Apple Scores Lowest on Greenpeace Guide to Greener Electronics
Greenpeace updated its “Guide to Greener Electronics” today, the first quarterly update of the technology industry’s performance on environmental issues. The guide ranks the 14 top manufacturers of personal computers and cell phones, and due to the commitments by many companies to greener manufacturing processes, the rankings have changed, although Apple Computers, Inc. remains in last place. Many companies besides Apple are following recommendations to eliminate the most hazardous chemicals from their products and are adopting progressive recycling policies, such as financing the take-back, reuse or recycling end-of-life products.
"Despite being a leader in innovation and design, Apple has made absolutely no improvements to its policies or practices since the ranking was first released three months ago," said Rick Hind, Legislative Director of Greenpeace USA's Toxics campaign. "Apple's bad green policy is not a wonderful life for workers in the scrap yards of the developing world, and we can't imagine that Steve Jobs would want to be the Mr. Potter of the high-tech industry this holiday season."
Most companies now score above average points on the ranking guide, with only five companies failing to score even the average of five points. No company has yet to receive better than a 7 out of 10 rating. The top-ranked brands have committed to eliminate the use of the most hazardous chemicals in their products and acknowledged that they bear individual responsibility for financing the take-back and responsible reuse or recycling of their own-brand discarded products. Two manufacturers, Acer and Lenovo, have committed to eliminate the use of the most hazardous chemicals from their products. Nokia continues to hold the top spot in the ranking for both its chemicals policy as well as disposal of electronic waste. However, the company has yet to give clear timelines for phasing out polyvinyl chloride (PVC).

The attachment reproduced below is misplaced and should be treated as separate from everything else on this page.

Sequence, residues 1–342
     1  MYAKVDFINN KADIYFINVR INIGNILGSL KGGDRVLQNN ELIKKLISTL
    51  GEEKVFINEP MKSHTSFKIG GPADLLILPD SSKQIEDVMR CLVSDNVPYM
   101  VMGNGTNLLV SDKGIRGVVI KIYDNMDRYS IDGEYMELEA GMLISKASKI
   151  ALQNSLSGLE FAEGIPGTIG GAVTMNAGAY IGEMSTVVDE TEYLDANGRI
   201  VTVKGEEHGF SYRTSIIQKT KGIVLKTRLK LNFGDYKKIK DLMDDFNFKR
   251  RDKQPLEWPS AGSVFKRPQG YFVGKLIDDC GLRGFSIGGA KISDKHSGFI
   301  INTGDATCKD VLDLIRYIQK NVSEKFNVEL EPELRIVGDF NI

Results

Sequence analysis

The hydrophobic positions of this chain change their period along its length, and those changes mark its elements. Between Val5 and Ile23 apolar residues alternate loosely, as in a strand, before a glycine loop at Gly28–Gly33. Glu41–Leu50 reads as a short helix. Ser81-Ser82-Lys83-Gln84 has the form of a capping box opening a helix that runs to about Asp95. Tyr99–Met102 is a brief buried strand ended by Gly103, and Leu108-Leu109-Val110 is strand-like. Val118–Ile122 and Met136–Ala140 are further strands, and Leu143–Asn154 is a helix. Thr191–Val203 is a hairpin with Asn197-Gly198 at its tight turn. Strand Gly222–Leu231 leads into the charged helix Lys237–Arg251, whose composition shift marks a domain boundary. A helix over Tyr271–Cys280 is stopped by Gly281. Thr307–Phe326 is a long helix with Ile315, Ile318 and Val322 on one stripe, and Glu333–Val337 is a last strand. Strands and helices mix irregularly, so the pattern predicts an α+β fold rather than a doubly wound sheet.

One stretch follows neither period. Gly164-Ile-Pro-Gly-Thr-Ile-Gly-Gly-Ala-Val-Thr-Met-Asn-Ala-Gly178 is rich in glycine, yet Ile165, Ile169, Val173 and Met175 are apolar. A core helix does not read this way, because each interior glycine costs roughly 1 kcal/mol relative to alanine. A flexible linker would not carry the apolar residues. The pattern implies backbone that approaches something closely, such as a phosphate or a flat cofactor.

Motorola has been the fastest mover in the ranking guide. Although the company was ranked second worst in the first version of the guide, released in September, it has made strong commitments since then and has moved to fourth place. Lenovo has also made strong policy commitments, to jump from the bottom spot up to its current 8th place. Fujitsu-Siemens and Acer made substantial progress and are now ranked 3rd and 7th respectively, moving up from their earlier 10th and 12th positions.
LGE, Samsug and Sony have lost points for failing to act on their commitments to individual producer responsibility (IPR). Instead, the companies are supporting regulation in the U.S. that would place the responsibility for product recycling on consumers instead of producers.
In September 2006, HP was given a 'penalty' - one point was deducted from the company's overall score when Greenpeace scientists' analysis of an HP laptop revealed the presence of decaBDE, a type of brominated flame retardant that HP claimed it no longer used. HP was quick to respond with an investigation into the matter and has now released a statement on its website that reaffirms its commitment not to use decaBDE. The statement explains how decaBDE came to be found in the HP laptop and details what action has been taken to avoid similar problems in the future - at which point the penalty was lifted.
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Exp. contact date: 2007-01-06 00:00:00